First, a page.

Last year I had the pleasure of visiting a good girlfriend who recently relocated to Atlanta after earning her degree in Engineering. At twenty-three years old, she had a cushy government job, a newly purchased first home, and she was a semester away from acquiring her Master’s degree. On paper she was beyond impressive, especially because all her accomplishments came before her twenty-fifth birthday. Despite her accomplishments, however, one component that she stressed was lacking was a husband to share it with.

For months she bragged about the city of Atlanta and all its grandness–the men and ripe job opportunities. During a long, stale winter of an unrelenting job search and dealing with a tragic break-up, I was finally suckered into purchasing a plane ticket. Her arguments about why relocating permanently would benefit me were convincing, but I was only eager to check out what Atlanta had to offer that New York City didn’t. With an itinerary under our belt, we hit all the elite nightclubs, eateries and shopping centers, but what I noticed was that her emphasis on landing a husband was palpable whenever we were out.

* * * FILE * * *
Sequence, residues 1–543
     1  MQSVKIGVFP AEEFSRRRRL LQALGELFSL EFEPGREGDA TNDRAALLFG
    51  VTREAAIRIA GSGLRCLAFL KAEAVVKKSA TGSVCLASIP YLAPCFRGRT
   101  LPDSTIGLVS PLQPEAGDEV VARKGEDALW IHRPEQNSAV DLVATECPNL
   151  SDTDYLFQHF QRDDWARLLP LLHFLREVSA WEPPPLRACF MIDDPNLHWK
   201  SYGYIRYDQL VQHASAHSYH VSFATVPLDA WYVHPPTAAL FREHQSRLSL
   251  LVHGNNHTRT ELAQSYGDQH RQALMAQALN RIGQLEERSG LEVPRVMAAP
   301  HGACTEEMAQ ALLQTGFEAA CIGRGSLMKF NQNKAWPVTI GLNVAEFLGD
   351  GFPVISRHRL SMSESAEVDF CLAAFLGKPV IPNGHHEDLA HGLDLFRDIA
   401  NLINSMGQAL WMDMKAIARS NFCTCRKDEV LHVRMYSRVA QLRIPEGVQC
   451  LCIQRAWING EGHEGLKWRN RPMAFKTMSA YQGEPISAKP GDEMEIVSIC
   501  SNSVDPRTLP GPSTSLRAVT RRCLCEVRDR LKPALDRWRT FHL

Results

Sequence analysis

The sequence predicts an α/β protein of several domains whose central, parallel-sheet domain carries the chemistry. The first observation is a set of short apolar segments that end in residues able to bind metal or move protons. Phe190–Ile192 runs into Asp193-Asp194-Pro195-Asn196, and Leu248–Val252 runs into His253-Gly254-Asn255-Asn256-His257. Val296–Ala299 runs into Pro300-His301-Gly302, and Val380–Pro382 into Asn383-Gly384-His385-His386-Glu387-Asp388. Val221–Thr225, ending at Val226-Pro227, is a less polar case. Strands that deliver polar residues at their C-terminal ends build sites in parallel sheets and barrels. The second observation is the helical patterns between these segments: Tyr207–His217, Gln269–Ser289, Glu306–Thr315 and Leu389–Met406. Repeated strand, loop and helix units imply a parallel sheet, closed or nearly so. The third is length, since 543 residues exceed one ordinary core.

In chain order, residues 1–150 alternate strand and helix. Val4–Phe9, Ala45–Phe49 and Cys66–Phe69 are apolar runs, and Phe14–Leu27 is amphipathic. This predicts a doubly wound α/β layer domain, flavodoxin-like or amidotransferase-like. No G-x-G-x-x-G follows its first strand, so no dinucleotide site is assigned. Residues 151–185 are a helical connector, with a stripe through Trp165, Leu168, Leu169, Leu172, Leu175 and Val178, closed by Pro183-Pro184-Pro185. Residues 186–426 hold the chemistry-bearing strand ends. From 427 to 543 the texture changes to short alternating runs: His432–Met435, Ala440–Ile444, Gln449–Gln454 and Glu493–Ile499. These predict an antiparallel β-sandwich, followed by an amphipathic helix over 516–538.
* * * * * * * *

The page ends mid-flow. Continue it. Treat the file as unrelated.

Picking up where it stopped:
One night in particular, while at a nightclub, my friend sidled up next to a young Nigerian woman who was seated at a table next to us and engaged her in a full-blown, and candid, conversation on where to meet Nigerian men. And not just any Nigerian men, my girl wanted details on where to meet doctors, lawyers or engineers specifically.